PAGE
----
One of the many issues created by Covid is the supply chain issue which is now affecting various industries. There is a worldwide shortage of products as a result.
We all know the issue of car supply in 2021. By the end of 2021, there are literally no cars to buy. I have seen this firsthand when my friend wanted to buy a car. During our visit to Toyota and Mazda, we were told there are no cars to buy. They just have a few demo cars which they need to keep to themselves for demo purposes.
Due to low demand for many products, staff shortage, restrictions and lockdowns, many industries either stopped or delayed their productions. Now when there is a demand for those products, those factories are finding it hard to reach pre-pandemic levels of production. Also, there is a massive shortage of raw materials.
For instance, car manufacturers do not have enough car chips from the suppliers. There is a shortage of car chips worldwide. Chips are needed for everything in a new car today. Just touch-screens need up to five chips to run, and multiple chips are needed for autonomous emergency braking, anti-lock brakes, stability control, adaptive cruise control, airbag deployment, self-parking systems, seat memory, etc.
This supply shortage never gets a chance to fully recover as new variants of Covid keeps hitting us from time to time.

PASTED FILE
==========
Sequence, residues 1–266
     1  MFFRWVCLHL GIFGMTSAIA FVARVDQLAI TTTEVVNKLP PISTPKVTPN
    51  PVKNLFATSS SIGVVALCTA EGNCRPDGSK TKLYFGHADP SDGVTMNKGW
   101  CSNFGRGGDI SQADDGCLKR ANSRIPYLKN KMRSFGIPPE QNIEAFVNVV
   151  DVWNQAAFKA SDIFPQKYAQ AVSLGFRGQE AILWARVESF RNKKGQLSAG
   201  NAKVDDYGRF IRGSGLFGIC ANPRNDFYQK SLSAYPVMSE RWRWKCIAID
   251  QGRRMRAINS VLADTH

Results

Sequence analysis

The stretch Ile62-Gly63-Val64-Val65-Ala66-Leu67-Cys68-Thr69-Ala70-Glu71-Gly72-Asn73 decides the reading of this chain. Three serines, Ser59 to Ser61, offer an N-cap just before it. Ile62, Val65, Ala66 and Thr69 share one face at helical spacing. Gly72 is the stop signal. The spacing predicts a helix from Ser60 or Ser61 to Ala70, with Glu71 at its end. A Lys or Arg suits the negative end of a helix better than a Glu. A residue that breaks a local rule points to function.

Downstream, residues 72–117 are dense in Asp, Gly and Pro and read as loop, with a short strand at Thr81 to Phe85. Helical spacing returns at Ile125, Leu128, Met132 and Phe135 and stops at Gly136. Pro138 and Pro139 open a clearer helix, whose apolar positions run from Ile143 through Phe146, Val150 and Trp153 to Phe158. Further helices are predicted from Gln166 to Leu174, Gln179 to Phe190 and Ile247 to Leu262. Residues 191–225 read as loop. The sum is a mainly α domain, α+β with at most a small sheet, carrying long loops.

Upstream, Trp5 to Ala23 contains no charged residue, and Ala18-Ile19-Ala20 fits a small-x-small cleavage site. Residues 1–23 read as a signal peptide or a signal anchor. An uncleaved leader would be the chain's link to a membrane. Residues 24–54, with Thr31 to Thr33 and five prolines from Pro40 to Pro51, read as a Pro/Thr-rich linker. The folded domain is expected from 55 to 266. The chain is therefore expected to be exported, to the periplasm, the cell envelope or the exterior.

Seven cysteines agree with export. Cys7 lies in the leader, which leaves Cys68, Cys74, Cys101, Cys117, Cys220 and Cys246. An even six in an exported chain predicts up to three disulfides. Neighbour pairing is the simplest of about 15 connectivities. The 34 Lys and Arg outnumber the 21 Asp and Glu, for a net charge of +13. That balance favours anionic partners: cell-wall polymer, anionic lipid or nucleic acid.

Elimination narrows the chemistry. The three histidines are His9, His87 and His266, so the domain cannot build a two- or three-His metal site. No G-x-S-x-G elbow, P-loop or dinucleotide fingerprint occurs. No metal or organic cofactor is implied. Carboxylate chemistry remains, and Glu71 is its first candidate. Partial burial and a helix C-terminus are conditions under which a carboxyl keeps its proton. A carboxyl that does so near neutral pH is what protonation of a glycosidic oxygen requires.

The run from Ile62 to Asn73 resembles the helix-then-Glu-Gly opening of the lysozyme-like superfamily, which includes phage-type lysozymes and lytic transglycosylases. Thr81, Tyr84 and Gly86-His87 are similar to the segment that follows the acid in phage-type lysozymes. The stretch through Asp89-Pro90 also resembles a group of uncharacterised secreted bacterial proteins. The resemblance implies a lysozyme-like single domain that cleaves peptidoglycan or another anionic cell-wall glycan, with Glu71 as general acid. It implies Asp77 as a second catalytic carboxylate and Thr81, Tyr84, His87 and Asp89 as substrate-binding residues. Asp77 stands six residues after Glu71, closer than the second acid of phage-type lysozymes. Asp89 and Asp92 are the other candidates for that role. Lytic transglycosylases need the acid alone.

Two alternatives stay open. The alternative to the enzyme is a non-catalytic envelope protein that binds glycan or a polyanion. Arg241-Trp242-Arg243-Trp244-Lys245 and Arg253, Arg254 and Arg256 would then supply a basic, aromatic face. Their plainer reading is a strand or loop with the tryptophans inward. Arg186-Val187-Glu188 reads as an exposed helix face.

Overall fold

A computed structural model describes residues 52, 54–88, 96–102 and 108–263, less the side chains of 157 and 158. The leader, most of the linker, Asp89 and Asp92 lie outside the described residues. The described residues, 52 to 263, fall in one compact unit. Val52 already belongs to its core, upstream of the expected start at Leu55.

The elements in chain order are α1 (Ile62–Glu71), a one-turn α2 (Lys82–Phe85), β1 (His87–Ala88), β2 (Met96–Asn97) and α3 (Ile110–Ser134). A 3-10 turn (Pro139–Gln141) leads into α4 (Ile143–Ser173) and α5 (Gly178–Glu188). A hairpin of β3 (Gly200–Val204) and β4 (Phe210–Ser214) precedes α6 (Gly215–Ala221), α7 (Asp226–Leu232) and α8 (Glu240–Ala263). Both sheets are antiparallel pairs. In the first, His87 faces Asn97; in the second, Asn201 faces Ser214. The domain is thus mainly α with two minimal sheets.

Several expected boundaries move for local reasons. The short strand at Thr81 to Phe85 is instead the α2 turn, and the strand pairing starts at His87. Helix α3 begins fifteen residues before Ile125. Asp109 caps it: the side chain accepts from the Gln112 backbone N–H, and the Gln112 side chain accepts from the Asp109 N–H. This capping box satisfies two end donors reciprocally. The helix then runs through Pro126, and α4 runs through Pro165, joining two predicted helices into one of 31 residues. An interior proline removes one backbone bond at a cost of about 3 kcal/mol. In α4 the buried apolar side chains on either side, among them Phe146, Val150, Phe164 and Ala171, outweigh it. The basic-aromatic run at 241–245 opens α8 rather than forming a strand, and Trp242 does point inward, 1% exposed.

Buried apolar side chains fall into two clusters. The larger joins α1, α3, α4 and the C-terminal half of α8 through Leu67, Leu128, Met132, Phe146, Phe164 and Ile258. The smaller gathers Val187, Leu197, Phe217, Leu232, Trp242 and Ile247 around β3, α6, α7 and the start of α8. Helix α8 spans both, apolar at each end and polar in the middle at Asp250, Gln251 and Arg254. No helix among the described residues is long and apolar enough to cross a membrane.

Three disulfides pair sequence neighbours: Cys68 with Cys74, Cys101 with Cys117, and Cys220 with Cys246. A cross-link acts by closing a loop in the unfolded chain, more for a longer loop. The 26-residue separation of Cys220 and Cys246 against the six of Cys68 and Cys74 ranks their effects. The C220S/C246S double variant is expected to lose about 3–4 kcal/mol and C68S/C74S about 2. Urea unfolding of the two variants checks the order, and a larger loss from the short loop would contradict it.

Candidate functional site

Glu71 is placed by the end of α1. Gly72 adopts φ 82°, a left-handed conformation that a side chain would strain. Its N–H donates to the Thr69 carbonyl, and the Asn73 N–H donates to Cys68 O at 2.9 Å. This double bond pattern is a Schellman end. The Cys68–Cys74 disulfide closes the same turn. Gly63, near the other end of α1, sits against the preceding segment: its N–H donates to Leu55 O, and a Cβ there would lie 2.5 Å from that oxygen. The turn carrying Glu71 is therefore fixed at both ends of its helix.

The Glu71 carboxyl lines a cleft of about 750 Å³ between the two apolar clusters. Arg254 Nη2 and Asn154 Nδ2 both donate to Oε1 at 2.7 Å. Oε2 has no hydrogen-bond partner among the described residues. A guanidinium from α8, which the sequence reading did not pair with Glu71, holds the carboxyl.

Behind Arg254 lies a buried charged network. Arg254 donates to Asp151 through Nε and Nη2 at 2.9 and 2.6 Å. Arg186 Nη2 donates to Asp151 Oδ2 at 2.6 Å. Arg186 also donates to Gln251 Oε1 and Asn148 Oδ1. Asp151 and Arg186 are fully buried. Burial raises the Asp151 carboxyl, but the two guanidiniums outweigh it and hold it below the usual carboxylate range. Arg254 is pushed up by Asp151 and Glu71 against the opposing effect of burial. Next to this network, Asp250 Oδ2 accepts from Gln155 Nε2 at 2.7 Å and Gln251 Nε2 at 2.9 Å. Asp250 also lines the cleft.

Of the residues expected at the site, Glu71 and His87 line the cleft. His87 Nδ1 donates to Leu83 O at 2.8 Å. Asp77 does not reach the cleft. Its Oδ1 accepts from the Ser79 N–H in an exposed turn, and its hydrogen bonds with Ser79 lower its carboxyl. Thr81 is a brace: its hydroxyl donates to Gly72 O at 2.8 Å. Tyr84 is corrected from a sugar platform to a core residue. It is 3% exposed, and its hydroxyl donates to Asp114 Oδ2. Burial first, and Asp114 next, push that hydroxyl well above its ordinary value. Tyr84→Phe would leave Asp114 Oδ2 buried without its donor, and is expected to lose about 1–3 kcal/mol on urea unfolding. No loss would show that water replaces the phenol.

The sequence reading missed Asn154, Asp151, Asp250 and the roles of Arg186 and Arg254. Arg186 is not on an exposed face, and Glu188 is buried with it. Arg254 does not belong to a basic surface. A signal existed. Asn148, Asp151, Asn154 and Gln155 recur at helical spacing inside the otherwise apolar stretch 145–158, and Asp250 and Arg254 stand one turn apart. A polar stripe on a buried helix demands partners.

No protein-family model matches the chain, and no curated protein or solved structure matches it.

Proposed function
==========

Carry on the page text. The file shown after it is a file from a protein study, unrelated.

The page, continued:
So what are companies doing about these shortage issues?
According to a 2020 survey by Ernst & Young, enterprises in the US plan to shake up their supply chain strategies to become more resilient, collaborative, and networked with customers, suppliers, and other stakeholders. To do that, they will increase investment in supply chain technologies like AI and robotic process automation while retraining workers.
The COVID-19 pandemic was a global disruption across trade, finance, health and education systems, businesses and societies like few others in the past 100 years. It is no surprise then that only 2% of companies who responded to the survey said they were fully prepared for the pandemic. Serious disruptions affected 57%, with 72% reporting a negative effect (17% reported a significant negative effect, and 55% mostly negative).
Now the question many are asking is, will the supply chain crisis spoil your Christmas shopping experience?
The Guardian recently described the supply chain crisis as a “perfect storm which could blow the world economy off course”. Australian e-commerce trader Peter Cole put it even more bluntly when he told Wired: “The whole system is totally f****d.”
As far as basic necessities and medical supplies are covered, they are not an issue in Australia. But cars supply issues will take a few more months to recover. Currently, the new Covid variant OMICRON is creating issues all over again with lockdowns again starting to hit cities. If it continues like this, it may take much longer than expected to recover from COVID affected supply chain crisis.